The art market is no exception to the rule and is suffering as a result of the pandemic. However, the pandemic is only accelerating an already existing phenomenon. Auctions have become a dazzling success online. According to the reference site Artprice, in 2019, a historic number of 550,000 works were exchanged globally in the fine arts segment alone (which covers drawing, painting and sculpture). According to another analysis, published by Hiscox, an insurer specialising in works of art, the online sales would have generated at least 4.8 billion dollars in 2019, i.e. an increase of 4% from the previous year.
Needless to say, online sales also have their downside, like the high-profile bankruptcy of Paddle8. Having said that, the sector remains particularly buoyant online, especially for the major auction houses like Christie’s, Sotheby’s or even Philipps, which are flourishing online! Between them, these three houses made a total of 370 million dollars online in the first quarter of 2020, i.e. five times more than in 2019.
Remember: 67% of regular art buyers bought online in 2020 while this number was only 45% in 2019, according to the Hiscox 2021 study.
A new medium and a new audience
The much sought-after art is more accessible thanks to the digital medium. The entry of art into the digital world is essentially manifested in the very nature of the new trends that place a premium on aesthetics. In other words, the work of art becomes the ideal image to be displayed, shared and liked on social media and platforms! There are new technological tools emerging to showcase it, e.g. through applications and of course flourishing e-commerce websites like Artsy, Artsper, Artspace, or even EarlyWork, closely followed by major online players like Amazon. As for the traditional auction houses such as Christie’s, Drouot and Sotheby’s, they too have created online auction websites.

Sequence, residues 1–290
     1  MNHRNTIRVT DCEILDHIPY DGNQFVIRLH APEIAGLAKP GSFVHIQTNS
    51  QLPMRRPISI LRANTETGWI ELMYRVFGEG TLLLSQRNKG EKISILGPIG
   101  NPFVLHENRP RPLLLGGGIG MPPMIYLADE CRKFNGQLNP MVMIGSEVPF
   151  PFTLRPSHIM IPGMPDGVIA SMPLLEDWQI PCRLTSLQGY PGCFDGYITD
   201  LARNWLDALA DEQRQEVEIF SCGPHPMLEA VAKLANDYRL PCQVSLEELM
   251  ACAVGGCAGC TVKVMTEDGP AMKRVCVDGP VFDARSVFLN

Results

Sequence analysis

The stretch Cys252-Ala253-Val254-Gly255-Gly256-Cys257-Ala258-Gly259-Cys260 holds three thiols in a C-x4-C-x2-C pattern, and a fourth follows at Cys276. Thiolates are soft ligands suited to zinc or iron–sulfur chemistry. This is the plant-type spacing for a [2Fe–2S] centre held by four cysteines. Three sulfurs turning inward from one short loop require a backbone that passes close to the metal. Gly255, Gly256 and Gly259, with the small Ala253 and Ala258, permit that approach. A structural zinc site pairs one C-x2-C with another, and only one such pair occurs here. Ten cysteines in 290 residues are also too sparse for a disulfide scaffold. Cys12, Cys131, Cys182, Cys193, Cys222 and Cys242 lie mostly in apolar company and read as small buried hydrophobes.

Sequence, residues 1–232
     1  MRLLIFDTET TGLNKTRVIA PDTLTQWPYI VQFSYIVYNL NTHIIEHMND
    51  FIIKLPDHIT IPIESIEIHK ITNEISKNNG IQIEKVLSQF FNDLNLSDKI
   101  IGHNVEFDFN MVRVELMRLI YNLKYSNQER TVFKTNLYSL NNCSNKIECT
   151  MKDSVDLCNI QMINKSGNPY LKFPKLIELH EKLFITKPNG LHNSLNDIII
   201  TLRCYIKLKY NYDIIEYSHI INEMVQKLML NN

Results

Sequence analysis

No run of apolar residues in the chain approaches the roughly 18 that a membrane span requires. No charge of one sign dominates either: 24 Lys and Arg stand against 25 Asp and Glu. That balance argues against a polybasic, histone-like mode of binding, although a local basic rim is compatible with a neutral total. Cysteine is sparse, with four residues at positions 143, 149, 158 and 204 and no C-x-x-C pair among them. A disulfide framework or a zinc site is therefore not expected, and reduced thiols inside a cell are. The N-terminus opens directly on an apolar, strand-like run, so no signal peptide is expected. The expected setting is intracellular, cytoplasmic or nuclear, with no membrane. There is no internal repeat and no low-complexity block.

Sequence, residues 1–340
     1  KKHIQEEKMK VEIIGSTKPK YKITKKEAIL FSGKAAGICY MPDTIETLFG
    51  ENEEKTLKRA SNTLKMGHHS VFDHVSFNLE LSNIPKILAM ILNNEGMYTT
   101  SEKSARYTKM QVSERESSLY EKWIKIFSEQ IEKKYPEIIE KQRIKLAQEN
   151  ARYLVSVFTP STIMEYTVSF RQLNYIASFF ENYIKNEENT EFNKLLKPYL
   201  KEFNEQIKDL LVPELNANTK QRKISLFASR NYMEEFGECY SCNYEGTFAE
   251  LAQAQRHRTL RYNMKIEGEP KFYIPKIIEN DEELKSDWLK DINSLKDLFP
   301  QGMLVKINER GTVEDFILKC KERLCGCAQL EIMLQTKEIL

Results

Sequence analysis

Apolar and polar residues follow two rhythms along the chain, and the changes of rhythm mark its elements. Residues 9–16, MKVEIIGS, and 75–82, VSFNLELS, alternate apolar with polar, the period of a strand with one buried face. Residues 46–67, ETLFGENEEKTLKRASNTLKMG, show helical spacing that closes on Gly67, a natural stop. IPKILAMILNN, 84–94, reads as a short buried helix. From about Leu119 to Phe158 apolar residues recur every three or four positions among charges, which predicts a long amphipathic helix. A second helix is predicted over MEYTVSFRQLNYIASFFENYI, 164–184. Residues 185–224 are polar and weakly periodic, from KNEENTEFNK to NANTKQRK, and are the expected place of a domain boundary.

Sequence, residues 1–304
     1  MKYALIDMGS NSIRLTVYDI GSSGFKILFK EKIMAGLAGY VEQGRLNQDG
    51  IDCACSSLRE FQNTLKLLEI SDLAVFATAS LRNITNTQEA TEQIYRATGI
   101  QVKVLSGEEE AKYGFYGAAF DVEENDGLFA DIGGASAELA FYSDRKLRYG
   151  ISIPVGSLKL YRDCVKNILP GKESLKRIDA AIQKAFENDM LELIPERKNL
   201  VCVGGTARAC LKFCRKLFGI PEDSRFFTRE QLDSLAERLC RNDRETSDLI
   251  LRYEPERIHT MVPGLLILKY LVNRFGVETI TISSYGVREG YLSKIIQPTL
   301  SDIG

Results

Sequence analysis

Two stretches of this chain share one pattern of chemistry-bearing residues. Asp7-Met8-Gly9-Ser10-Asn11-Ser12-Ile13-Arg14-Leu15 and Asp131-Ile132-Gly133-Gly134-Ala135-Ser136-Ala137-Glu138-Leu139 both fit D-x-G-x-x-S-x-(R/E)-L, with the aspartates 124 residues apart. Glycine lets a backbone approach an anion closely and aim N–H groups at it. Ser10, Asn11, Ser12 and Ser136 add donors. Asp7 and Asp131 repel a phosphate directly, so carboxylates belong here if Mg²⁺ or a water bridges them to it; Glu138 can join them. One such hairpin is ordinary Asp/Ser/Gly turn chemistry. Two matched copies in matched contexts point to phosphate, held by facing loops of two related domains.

By being displayed on new media, art now meets a new audience of connoisseurs, as well as a community of buyers from across the world. Be it through a website, social network or an online gallery, going digital offers the opportunity of new international sales: larger scale and more accessible. Once reserved for wealthy insiders, these new 2.0 galleries often seek to make art accessible to the less initiated.
Remember. Social networks, modern displays of art, are now an integral part of the art world. Instagram has become the guiding light for new art buyers. According to Hiscox, 79% of art buyers, younger than 35 years, use Instagram to discover new artists.
A digital transition that is yet to be made